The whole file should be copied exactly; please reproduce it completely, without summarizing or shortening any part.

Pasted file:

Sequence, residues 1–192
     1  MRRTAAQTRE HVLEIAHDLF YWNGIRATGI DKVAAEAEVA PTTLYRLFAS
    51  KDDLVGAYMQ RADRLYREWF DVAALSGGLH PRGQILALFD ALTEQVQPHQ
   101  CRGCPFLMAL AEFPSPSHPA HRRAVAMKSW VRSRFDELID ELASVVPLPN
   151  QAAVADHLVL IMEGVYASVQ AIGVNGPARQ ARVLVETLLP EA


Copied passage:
Sequence, residues 1–192
     1  MRRTAAQTRE HVLEIAHDLF YWNGIRATGI DKVAAEAEVA PTTLYRLFAS
    51  KDDLVGAYMQ RADRLYREWF DVAALSGGLH PRGQILALFD ALTEQVQPHQ
   101  CRGCPFLMAL AEFPSPSHPA HRRAVAMKSW VRSRFDELID ELASVVPLPN
   151  QAAVADHLVL IMEGVYASVQ AIGVNGPARQ ARVLVETLLP EA